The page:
President Bush's veto of the military funding bill that would have brought troops home from Iraq provoked frustration among the members of a small-but-growing organization who possess uncommon expertise on the subject:
Iraq Veterans Against the War, with headquarters in Center City.
"Washington is playing this game of passing the blame, while people on the ground are dying," said Kelly Dougherty, a former National Guard MP and the group's executive director.
Dougherty, 28, is devoted to stopping the conflict in which she served - to putting herself and her group out of work. In addition to the immediate return of U.S. troops, the IVAW seeks expanded health benefits for veterans and - a goal that sets it apart from some antiwar groups - reparations to Iraq.
"I can't just come back to America and pretend like everything is OK. I feel obligated to speak out," said IVAW board member Steve Mortillo, 24, who fought with the Army First Infantry Division. "If we just sit around and watch, thousands of troops are going to die."
The IVAW, founded in 2004 by eight veterans who attended a Boston peace conference, started with no space and little money. The national office is based here because its most active member happened to live nearby. Today, staffers work out of a borrowed basement room at the American Friends Service Committee while awaiting a move to permanent quarters.
The IVAW extends a long Philadelphia history of antiwar protest, most prominently by the Friends, whose work won a Nobel Peace Prize in 1947. Members of Vietnam Veterans Against the War occupied the Betsy Ross House in 1971. The Swarthmore-based Brandywine Peace Community, now 30 years old, continues to protest at the plants of defense contractors such as Lockheed Martin.
Membership in the IVAW numbers more than 400, a tiny fraction of the 630,000 soldiers who have served in Iraq and Afghanistan. But more join its 16 chapters everyday, organizers say. Anyone on active duty, in the Reserves or in the National Guard since the attacks of Sept. 11 is eligible. Others note that the Vietnam Veterans started with six members in 1967 and grew to 30,000.
Once limited to providing speakers for other peace groups, the IVAW now sponsors its own rallies and events. On May 27, members plan to storm the sidewalks of New York to stage a piece of street theater titled Operation First Casualty. Uniformed veterans will play the roles of soldiers while others portray Iraqi civilians. The shouting and commotion, says the IVAW, upsets the work-a-day routine - and forces Americans to confront the turmoil in Iraq.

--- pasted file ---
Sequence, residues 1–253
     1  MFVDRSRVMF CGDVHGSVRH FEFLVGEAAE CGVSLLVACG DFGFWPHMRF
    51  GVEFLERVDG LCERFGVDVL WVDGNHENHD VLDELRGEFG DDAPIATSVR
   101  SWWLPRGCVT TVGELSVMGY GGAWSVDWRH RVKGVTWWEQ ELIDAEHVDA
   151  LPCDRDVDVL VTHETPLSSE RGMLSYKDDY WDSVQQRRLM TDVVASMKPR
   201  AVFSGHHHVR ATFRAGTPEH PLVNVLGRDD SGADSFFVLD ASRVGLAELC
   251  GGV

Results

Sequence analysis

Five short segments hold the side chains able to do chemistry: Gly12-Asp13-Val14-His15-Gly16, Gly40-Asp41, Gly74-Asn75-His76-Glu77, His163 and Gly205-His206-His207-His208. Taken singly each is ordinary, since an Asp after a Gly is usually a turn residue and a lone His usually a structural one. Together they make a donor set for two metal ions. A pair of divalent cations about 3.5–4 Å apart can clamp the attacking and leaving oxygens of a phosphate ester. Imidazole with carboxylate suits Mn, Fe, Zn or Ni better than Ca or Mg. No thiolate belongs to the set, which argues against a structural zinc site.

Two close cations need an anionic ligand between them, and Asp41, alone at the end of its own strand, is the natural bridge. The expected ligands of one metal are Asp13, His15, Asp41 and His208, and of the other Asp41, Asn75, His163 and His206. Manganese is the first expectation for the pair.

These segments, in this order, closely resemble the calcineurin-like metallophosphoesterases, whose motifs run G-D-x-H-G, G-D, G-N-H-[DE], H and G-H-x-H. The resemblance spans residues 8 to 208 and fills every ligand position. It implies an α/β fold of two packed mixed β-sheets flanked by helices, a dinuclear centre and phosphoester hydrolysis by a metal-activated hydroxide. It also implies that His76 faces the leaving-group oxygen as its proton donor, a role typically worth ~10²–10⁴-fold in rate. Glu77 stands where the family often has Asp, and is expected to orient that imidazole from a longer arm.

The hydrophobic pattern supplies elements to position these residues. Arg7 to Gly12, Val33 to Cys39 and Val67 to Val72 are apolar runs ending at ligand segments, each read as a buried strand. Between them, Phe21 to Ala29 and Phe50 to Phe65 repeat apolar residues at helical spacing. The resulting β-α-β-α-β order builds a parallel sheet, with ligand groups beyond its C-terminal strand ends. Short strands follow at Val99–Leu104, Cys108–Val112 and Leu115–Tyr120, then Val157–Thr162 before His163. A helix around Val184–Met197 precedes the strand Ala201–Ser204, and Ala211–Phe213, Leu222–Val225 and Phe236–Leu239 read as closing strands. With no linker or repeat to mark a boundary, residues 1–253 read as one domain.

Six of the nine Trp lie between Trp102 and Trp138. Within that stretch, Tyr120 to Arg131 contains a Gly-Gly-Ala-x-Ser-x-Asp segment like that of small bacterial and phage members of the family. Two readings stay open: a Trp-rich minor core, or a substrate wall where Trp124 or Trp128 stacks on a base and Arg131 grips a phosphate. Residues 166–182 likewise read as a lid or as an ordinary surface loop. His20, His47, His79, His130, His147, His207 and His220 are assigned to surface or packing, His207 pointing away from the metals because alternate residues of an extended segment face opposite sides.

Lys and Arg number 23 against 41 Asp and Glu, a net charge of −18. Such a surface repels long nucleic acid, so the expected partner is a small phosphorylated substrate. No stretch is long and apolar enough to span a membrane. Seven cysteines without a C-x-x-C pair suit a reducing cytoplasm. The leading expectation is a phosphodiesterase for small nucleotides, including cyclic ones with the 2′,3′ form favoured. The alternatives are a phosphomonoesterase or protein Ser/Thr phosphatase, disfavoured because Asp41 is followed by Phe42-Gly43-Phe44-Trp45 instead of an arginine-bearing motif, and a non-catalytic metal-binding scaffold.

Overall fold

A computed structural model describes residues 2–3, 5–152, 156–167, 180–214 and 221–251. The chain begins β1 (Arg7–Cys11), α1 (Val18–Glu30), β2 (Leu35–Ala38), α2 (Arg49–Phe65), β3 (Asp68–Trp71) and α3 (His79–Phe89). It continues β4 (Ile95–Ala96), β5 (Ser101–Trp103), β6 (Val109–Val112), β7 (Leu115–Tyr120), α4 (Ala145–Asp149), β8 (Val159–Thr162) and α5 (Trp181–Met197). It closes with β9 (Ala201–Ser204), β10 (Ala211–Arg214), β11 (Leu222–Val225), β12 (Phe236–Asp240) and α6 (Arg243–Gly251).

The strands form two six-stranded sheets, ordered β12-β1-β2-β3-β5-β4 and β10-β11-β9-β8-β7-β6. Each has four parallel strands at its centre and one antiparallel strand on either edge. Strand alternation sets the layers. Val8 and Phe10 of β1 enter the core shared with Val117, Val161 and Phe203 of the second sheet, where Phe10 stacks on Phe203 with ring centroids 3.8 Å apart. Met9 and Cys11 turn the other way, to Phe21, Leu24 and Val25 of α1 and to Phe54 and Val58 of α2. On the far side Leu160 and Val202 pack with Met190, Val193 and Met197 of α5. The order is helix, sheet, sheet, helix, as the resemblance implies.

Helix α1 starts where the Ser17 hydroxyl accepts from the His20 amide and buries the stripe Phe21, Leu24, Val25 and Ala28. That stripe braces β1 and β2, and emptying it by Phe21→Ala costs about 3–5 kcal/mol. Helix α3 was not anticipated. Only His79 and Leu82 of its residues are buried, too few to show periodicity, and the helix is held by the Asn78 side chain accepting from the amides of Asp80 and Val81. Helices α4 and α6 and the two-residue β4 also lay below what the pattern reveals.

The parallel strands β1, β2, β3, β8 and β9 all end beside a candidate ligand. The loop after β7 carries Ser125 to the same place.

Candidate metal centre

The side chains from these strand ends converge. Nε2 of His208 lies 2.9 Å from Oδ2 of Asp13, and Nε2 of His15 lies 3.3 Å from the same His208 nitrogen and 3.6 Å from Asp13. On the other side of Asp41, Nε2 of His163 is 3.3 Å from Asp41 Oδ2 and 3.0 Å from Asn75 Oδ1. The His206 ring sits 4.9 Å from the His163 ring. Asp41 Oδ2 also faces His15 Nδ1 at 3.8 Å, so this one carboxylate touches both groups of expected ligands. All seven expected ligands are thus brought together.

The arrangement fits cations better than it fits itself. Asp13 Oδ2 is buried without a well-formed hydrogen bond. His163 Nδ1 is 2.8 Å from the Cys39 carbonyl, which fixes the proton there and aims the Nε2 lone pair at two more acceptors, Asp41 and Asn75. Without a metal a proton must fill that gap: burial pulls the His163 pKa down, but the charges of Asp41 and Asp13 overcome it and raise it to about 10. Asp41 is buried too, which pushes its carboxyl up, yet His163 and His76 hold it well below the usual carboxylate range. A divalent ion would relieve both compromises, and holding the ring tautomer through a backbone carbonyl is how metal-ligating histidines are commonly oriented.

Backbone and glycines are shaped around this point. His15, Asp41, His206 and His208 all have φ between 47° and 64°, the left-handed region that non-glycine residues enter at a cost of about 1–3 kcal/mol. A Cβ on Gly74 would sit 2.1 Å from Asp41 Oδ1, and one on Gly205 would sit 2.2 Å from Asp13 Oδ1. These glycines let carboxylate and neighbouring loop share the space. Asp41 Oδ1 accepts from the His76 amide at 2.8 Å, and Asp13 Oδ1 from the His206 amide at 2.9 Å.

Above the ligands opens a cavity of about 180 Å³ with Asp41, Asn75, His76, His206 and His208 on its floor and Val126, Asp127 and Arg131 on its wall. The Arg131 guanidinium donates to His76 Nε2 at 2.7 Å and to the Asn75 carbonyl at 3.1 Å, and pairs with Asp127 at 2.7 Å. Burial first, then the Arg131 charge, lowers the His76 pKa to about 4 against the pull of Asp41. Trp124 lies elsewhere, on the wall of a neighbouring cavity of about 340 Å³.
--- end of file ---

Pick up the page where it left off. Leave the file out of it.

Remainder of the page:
Not everyone looks on in support. The group occasionally gets hate mail, and at rallies the activists have been accosted by families who have loved ones in uniform. Last week somebody left two long, nasty messages on the office voicemail. When board chair Garett Reppenhagen, a former Army sniper in Iraq, appeared on C-Span's Washington Journal, a caller told him it was traitorous for a soldier to oppose the war.
"These folks were over in Iraq. They have the right to say what they feel," said Thomas Minchin, 59, a Vietnam-era Marine and executive director of the Pennsylvania chapter of AMVETS, a veterans advocacy group that takes no official stand on the war.
"I don't know if [their opposition] is the right choice," Minchin said. "For them, it's probably right. For me, it's probably not."
From the start, Dougherty questioned the rationale for war - the claims that Iraq had weapons of mass destruction, the use of Sept. 11 imagery.
The Colorado native joined the National Guard in 1996 to get money for college, and deployed to Kuwait in February 2003 with the 220th Military Police Company. By late March she was in Iraq.
"I opposed the war before it happened," she said.
Her unit was responsible for patrolling highways, escorting convoys, and protecting supply trucks that broke down on the road. She vividly recalls the day a vehicle overturned near Nasiriyah. As usual, MPs surrounded the truck, watching a growing number of Iraqis who, as usual, were waiting to scavenge gas, tires or metal.
It was getting dark; the troops were spread thin. Dougherty lost sight of her comrades. Rocks came sailing out of the crowd. An Iraqi man moved toward her. She shoved him back. Another came at her - she lashed out with her nightstick.
Dougherty struck him so hard it felt like hitting a table. She still recalls his cry.
The next day, she noticed, some fellow soldiers seemed to treat her with new respect.
"Sgt. Dougherty," one called, "I heard you were haji-beating last night."
She didn't feel proud. In a situation like that, all that matters is self-preservation. It's later, she said, that the guilt sets in.
"I wanted to do something to help the Iraqi people, and people in my unit did too," she said. "But to go out there and guard [wrecked] trucks, and then abandon them, everyday, was absurd."
When Mortillo was growing up in North Jersey, he could see the World Trade Center from his house. He enlisted two months after the towers fell.
"I wanted to defend this country," he said.
In Iraq "I saw the motives didn't add up, the mission didn't add up." Companies like Halliburton earned huge profits, Mortillo said, while his platoon suffered three killed and seven wounded.
"Put yourself in Iraqi shoes," said Mortillo, who served in Samarra in 2004 and 2005. "A foreign invader comes and kills your brother. Are you just going to forget that? We have brought so much death and destruction down upon these people."
He's against the war "because I care about those who are still in the military. When they're called upon, it should be only in defense of the American people. That's not the motive for this war."